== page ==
It has been a couple of months now since we publicly launched Questions, our new online survey tool that complements all the other UX research you're doing with Optimal Workshop. Since launch we’ve seen surveys created around the globe, and we’ve received lots of helpful feedback coming through about how to make Questions better suited for you.
Questions is still a baby right now, or an MVP if you prefer. We'd like to involve you in prescribing the roadmap so on the day of the launch, we sent out a questionnaire asking about how you currently use other online surveys and your thoughts about this research method. The results were interesting — so interesting, in fact, we thought we’d share them with you.
Our survey questions
The online survey we created was simple. It contained four questions — three open ended, and one multiple choice. We wanted to find out how people currently use online survey tools in their research, and what features would make a truly great survey tool for user research.
The questions we asked were:
- If we could give you one awesome feature for an online survey tool that would make your life easier and your work more delightful, what would it be and why?
- What is your favorite question to ask people in your research?
- Can you tell us how you currently use online surveys in your research? Or, why you don't?
- If Optimal Workshop became a band, what would you call us?
- Click 182
- Red Hot Chilli Sorts
- Rage Against The Tree
- The Rolling Iterations
Only one question (the first one) was mandatory. We did a quick test with some colleagues, then hit the big green ‘Launch’ button.
As we wanted to hear from the Optimal Workshop community directly, we thought what better way to talk to you all than an email announcement about our latest tool?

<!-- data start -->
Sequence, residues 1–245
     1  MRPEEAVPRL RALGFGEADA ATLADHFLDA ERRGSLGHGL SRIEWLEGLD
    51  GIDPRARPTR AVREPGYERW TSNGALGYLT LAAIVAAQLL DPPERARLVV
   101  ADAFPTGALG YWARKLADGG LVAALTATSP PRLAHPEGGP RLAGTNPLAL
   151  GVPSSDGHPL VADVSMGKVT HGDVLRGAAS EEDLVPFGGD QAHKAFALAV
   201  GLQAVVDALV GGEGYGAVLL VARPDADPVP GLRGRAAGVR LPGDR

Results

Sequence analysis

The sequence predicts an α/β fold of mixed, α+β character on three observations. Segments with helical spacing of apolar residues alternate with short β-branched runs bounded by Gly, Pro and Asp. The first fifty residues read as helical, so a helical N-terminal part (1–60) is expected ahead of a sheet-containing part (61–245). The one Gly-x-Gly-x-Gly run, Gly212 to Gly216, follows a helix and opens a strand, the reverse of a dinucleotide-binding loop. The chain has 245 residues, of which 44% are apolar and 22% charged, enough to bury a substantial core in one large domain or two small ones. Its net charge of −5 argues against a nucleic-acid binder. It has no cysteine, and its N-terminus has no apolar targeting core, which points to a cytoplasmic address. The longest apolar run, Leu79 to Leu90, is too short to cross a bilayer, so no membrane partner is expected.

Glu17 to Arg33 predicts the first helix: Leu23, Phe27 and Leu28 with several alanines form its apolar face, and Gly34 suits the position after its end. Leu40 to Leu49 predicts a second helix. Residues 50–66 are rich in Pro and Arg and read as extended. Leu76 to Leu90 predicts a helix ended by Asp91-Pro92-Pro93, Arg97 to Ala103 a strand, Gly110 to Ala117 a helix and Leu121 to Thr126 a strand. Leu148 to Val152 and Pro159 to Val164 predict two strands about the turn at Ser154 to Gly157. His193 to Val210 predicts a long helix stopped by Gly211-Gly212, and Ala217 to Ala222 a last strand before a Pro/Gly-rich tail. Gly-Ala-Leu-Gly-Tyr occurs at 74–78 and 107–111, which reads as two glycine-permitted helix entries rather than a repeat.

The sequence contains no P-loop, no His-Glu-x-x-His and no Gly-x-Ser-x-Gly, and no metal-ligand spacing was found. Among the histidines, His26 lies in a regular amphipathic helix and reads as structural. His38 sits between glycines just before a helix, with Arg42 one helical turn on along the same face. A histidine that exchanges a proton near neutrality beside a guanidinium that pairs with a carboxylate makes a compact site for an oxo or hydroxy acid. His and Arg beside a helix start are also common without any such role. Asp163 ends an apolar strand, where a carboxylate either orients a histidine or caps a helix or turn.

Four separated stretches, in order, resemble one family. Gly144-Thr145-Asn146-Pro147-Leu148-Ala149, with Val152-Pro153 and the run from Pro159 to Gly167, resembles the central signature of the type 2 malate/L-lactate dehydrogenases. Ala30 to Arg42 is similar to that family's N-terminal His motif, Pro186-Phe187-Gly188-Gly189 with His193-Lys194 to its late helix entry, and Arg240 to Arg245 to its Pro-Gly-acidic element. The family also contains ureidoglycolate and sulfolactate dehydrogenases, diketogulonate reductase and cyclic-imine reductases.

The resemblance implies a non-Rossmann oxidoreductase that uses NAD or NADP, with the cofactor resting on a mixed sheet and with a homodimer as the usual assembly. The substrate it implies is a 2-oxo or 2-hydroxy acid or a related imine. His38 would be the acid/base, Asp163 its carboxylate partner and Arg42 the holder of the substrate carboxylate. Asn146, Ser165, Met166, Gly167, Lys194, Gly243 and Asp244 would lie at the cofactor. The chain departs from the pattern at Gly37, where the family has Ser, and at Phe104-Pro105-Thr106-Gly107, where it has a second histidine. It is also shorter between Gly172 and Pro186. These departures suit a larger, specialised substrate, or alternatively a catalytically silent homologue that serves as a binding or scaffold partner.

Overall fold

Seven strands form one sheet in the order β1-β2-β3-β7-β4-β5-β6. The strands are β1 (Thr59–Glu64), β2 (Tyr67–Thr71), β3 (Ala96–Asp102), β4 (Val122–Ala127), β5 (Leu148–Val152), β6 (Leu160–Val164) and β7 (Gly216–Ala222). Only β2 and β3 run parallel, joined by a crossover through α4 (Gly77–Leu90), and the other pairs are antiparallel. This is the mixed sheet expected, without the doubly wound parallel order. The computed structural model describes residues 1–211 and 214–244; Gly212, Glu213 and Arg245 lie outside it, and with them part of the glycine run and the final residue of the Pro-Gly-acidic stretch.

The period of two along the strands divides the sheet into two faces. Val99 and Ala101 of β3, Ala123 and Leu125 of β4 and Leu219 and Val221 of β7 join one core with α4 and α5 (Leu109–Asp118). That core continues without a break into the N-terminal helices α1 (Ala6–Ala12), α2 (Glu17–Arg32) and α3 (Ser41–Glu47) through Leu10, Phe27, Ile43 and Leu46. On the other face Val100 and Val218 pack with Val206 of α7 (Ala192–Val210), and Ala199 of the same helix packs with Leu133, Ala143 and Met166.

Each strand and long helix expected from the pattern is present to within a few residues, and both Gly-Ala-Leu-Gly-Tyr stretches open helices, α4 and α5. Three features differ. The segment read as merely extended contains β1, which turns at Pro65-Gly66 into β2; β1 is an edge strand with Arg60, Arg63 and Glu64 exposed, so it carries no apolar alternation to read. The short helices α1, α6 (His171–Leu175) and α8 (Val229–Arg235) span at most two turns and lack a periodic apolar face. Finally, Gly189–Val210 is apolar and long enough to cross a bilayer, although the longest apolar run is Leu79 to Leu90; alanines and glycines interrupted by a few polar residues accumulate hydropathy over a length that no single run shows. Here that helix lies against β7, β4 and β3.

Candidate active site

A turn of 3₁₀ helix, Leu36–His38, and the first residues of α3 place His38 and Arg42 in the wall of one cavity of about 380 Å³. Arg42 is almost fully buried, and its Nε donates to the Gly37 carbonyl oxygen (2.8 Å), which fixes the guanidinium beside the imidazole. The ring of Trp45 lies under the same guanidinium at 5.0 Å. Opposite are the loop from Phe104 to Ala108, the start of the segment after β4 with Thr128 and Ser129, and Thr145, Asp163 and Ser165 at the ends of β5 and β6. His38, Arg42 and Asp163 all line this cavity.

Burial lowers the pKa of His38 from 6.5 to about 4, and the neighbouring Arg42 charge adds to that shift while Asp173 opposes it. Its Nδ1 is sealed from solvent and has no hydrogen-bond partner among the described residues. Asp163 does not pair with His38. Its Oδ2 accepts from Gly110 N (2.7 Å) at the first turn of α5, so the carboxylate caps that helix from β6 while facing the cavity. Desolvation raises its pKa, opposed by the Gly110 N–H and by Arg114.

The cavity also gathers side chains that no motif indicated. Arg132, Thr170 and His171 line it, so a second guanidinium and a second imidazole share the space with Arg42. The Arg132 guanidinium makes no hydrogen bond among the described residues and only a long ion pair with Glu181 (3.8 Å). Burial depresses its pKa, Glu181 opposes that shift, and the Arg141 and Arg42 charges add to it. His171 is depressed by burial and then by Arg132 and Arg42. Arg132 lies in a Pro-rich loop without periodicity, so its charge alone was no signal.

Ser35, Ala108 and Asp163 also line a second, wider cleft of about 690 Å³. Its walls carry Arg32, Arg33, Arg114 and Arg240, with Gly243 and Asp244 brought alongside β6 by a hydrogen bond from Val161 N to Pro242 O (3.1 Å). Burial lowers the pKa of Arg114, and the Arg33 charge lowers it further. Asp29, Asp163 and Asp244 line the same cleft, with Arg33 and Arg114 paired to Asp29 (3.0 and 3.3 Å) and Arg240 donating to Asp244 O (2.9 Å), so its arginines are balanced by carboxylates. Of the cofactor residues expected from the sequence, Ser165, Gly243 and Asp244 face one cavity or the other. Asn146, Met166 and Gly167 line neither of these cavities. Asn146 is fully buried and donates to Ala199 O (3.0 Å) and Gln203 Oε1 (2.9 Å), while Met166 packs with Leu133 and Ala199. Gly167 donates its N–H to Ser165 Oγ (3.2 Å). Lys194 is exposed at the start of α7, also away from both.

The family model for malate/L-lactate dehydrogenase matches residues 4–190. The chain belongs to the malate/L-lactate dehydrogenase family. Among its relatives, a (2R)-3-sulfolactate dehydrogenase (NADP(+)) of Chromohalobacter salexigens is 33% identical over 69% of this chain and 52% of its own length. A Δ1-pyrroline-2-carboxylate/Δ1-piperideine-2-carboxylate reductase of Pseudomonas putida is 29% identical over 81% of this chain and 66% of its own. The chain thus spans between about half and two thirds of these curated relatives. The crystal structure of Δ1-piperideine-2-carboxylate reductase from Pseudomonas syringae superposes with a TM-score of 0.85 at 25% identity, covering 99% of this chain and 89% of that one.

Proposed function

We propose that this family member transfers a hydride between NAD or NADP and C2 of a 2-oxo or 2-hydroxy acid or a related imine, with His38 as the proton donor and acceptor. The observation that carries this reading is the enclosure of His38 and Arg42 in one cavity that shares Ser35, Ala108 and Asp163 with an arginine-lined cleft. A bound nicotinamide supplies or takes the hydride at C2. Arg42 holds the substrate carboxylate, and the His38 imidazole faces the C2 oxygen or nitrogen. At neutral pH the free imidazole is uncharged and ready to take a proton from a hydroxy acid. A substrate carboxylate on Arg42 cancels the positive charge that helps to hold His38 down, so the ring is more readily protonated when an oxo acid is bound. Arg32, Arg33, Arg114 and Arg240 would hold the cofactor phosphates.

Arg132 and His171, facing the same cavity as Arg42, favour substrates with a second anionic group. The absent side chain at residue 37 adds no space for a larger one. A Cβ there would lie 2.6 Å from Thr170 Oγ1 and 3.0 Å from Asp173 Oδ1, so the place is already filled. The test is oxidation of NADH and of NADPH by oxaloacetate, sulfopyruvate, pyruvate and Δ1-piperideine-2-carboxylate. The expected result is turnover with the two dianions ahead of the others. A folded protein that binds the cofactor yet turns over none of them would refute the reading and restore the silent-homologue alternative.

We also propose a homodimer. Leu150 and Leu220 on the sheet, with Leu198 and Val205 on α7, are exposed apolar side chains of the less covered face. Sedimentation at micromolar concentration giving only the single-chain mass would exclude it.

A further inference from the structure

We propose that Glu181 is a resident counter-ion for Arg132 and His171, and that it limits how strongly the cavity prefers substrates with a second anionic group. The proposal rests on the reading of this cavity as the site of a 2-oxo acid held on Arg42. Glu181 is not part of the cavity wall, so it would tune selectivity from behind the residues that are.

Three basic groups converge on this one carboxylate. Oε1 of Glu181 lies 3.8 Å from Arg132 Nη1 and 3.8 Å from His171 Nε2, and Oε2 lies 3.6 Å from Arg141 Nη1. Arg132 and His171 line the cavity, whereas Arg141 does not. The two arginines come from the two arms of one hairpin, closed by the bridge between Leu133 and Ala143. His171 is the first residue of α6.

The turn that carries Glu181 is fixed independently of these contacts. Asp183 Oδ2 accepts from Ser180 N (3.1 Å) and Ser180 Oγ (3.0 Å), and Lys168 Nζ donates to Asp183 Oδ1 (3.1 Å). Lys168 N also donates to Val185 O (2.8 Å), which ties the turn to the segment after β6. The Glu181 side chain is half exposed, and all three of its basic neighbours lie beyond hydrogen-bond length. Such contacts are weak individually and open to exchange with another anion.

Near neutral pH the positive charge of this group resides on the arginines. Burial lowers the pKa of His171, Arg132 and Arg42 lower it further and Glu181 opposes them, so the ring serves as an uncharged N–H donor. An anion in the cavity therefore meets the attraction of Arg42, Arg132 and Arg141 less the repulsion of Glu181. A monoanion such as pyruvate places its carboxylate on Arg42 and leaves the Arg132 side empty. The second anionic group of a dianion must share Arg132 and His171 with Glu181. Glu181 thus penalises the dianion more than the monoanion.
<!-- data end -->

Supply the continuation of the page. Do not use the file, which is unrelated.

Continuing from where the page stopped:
If you’re part of our email list, you’ve probably seen this before:
Since we recruited participants through email, we had a rather high abandonment rate. This can happen a lot with these types of recruitment methods — people just get curious and take a peek at the survey, then exit out as quickly as they opened up the link. Fortunately, we still collected pages and pages of data from those who participated.
152 people completed our online survey, and many answered in great detail!
The top countries where our participants were located were:
- United Kingdom
- United States
- New Zealand
There’s no set end date in mind for this survey, so it’s still live. In fact, at the time of this analysis, we still had answers rolling in (maybe a lot of you are still catching up on emails from August!).
Since the survey only has four questions, the median time taken was naturally only 3.5 minutes.
1) What do you think makes a great online survey tool?
In the first question we asked: If we could give you one awesome feature for an online survey tool that would make your life easier and your work more delightful, what would it be and why?
We received tons of different ideas ranging from cool data visualizations to gamification. We also saw a few similar ideas too. One of the most popular was adding photos to individual questions, similar to what we have available for OptimalSort's cards. This would allow people to ask questions about a particular product, design, or portion of a site.